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Letters from the Front

By the end of this year, the Xbox One will be dead and long forgotten, nothing more than a mere memory of a bad time. A time that will be confined to the annals of gaming history where historians will dig up in the far distant future to understand and learn what happened in the past. The Xbox Series X is changing everything, it is poised to lead Microsoft and the Xbox division into a very bright future, with a lot more investment into content than ever before.

Before we move ahead into the future, let’s take a little trip down memory lane and reminisce what really could’ve been in this generation of hardware so let’s begin

PART I: A DIGITAL FUTURE

The story has been told a million different times. Microsoft originally pitched the Xbox One as an always-online digital-first console, with PC- equivalent discs that came with digital licenses, transferrable via participating retailers. To be fair, PC gaming was already like this in 2013, it’s been this way since the rise of Steam in 2004. However, in the console space, this route was never before seen and found the attempt to be anti-consumer. Was it really that bad?

Today, July 14th, 2020 I do not own a single physical game for my Xbox One, the last time I purchased a physical disc was in 2015 with the arrival of Fallout 4. I instead own over 200 digital games.

Over the past 7 years, Microsoft has pivoted hard away from their original Xbox One vision, leaving us without a lot of the licenses that they promised, including the “up to ten family members” sharing of licenses. Now, today, we only to get to share our games with those accessing the local license, which is a far cry from the 2013 reveal.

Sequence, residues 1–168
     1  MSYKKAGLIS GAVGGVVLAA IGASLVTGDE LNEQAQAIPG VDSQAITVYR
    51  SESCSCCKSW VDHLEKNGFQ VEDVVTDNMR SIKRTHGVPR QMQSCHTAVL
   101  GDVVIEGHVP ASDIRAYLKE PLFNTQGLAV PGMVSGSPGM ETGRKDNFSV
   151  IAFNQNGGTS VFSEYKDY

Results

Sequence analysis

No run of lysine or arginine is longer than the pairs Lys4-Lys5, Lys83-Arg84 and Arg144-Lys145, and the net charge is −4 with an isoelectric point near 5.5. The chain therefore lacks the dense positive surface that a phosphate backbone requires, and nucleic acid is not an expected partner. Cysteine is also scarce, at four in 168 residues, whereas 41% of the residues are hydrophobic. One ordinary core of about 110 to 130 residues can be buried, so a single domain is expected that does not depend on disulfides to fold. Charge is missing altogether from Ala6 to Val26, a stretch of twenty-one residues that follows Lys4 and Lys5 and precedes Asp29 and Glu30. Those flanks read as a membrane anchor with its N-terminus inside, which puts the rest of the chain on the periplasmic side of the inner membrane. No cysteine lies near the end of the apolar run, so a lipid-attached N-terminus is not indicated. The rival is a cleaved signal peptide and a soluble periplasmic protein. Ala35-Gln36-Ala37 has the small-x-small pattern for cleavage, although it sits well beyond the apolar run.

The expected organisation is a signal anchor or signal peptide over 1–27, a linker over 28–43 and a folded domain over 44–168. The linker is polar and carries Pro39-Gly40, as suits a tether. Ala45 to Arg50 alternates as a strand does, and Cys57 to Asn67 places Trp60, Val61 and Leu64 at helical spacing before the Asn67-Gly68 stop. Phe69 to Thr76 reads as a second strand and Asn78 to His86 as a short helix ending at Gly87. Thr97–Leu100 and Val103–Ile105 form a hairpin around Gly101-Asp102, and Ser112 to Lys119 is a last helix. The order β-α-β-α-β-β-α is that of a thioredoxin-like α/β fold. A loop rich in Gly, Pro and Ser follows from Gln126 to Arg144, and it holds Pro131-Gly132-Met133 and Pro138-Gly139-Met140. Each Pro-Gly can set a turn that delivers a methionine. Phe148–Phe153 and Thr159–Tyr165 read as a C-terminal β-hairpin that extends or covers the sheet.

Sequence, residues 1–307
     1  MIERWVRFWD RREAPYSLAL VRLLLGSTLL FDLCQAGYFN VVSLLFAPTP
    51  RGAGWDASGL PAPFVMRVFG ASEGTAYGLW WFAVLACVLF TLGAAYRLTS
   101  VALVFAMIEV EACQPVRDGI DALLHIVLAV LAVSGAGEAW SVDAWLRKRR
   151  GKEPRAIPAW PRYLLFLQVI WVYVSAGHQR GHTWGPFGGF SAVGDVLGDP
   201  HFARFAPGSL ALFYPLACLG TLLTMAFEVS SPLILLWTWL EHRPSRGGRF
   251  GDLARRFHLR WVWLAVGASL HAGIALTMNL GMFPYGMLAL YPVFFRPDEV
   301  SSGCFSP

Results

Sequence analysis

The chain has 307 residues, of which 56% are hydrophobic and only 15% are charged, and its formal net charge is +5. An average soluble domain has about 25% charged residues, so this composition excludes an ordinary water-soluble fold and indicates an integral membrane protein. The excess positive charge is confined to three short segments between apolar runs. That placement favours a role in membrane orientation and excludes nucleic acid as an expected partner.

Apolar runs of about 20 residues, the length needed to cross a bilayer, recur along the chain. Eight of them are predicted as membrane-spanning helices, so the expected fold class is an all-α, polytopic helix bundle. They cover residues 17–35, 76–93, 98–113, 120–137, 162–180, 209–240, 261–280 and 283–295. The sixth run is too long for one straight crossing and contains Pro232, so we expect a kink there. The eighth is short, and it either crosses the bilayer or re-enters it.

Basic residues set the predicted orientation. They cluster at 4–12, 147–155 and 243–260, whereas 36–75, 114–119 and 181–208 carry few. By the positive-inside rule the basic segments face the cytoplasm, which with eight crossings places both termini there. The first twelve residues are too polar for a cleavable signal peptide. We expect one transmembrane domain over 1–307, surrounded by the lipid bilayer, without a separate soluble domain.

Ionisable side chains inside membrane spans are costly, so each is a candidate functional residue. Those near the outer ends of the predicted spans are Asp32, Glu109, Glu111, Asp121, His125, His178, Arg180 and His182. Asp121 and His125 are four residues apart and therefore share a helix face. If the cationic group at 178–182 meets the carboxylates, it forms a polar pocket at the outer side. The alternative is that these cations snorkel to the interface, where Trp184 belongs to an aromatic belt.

PART II: The Death of Kinect & Voice Commands

Kinect and voice commands is a total point of a frustration for a myriad of reasons. First and foremost, Kinect had a great deal of potential, it was the highest selling device of 2011 for crying out loud. Second, it was stupid to force Kinect down consumers’ throats at the original launch, which inflated the console’s price point, without giving us a reason on why we should have the Kinect or proving the value of the Kinect.

A few years later, Microsoft released a bundle without Kinect, and eventually, killed it off in 2017 and now, it is rumored that the Series X won’t even support Kinect via USB, which tells us that Kinect is now a part of history.

The games on the Kinect weren’t that great, but some of them were okay and it was a good entertainment value for families who wanted to play with their children. It was kind of exciting to see where the tech would go in future iterations of Kinect but it was never meant to be, Kinect now lives on inside HoloLens and Windows Mixed Reality headsets.

As for voice commands, that was the biggest missed opportunity with Kinect and Cortana, Microsoft’s virtual A.I. The technology could’ve paved the way for the now deceased Cortana to become a legitimate contender in the home, the lack of vision and leadership led to the death of Cortana, which is effectively useless at this point.

PART III: Integrating Entertainment: The Potential of Cortana & Kinect

Kinect enabled in some ways a futuristic scenario that we take for granted. In the future, everyone will remember Google Home and Amazon’s Alexa and various other smart home solutions out there in the wild, but never forget, that the Xbox One alongside the Kinect and Cortana were the first to do it and were among the first to give us this sort of experience.

When I used to get home from school back in the early years of the Xbox One generation, I could say “Turn Xbox on” and ignite the console or in 2016, I could say “Cortana, record that” after pulling off a epic play in which resulted in me getting a 5 or 6 man kill on Battlefield 1. Never forget.

Last but not least, is that the Xbox Series X will refocus on what the Xbox does best. What it was always meant to do. Run games. That’s the sole function of the Xbox. In that respective matter, the Xbox Series X will probably be the most powerful console of this generation. The Xbox One did too much and it is time to leave it behind in the dust where it belongs.

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